Willie’s Manhood

Will Eisner’s “Cookalein” demonstrates the graphic novel’s ability to discuss controversial adult topics. Eisner creates a graphic narrative which shares little in common with contemporary comics by presenting fundamentally flawed and therefore realistic characters.  Let’s focus on Willie, 15, the oldest son of a lower class family spending the summer at a mountain house. He and his family spend an evening in the casino (read: dance hall), where Willie meets Maralyn Minks, who is on vacation without her husband.

Willie’s father sees him dancing with the married woman and exclaims, “Hoo, hoo look it our Willie dancing with Missis Minks…a Man already!”

While Willie’s mother worries, “Hff…She should keep her hands off him…He’s only 15!”

 

Miss Minks pursues Willie. Taken from comicartfans.com.
Miss Minks pursues Willie. Taken from comicartfans.com.

But Willie is enjoying the attention, and when Maralyn compliments his dancing and asks his age, he answers that he is nineteen.  When Willie is ready for bed, he climbs into the hay loft of the barn, since his mother and father claimed the bedroom for the night.  Maralyn, retires to a bedroom sharing a wall with Willie’s parents. She tires of their arguing, and decides to pursue Willie in the hay loft. She undresses and seduces him. After Willie “becomes a man” and loses his virginity, the duo is interrupted by a furious Irving Minks, Maralyn’s husband.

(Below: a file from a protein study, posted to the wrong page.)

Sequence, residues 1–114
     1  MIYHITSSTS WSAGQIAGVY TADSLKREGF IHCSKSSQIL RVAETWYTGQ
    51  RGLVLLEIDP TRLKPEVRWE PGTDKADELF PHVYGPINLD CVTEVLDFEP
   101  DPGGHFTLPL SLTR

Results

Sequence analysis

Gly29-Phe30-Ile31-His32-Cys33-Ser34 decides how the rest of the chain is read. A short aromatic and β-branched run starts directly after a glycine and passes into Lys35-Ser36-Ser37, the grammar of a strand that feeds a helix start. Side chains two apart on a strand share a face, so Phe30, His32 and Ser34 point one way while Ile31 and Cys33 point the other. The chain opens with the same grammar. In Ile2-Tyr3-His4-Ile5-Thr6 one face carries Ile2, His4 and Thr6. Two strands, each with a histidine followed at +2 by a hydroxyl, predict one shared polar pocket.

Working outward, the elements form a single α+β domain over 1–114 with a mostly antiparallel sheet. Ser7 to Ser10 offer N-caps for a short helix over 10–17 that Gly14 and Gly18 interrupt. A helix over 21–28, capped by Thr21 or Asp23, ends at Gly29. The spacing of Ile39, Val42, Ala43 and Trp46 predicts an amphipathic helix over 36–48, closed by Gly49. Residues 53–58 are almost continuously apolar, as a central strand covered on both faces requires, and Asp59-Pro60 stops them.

Irving strikes Maralyn multiple times, then forces her to have sex with him right in front of Willie in the hay loft. Irving then carries Maralyn back down the ladder and up to their bedroom in the house, leaving Willie alone and confused in the loft.

After a separate subplot involving rape between two adults, the story concludes with Willie standing on the fire escape outside of his family’s apartment at the end of the summer, with his mother telling him how he will be “the man of the house” soon, since his father will be working more.

I thought “Cookalein” was the most complex of Eisner’s stories in A Contract with God because of ambiguous ending.  With other subplots involving rape, the coming of age subplot could be overlooked easily. But focusing on Willie’s experience, it’s easy to understand how he could very well be confused as to what “manhood” actually is.  Simply put, he goes on summer vacation, attracts an older woman,  loses his virginity to her, and immediately witnesses a “man”, her husband, beat his this woman and force her to have sex with him.  How would you react in that situation? Wouldn’t you be confused?  Would he become a “man” like Irving? Or an absent working father like his own? The story’s final two panels, his contemplative expression while apparently gazing at the moon suggest his confusion.  Eisner’s work urges the audience to engage with more psychological and emotional issues than similar artists of the time. With A Contract with God, Eisner created a genre, the graphic novel, which spurred future artists and writers to experiment with the medium and separate the genre from the kiddish notion of Sunday morning cartoon strips.

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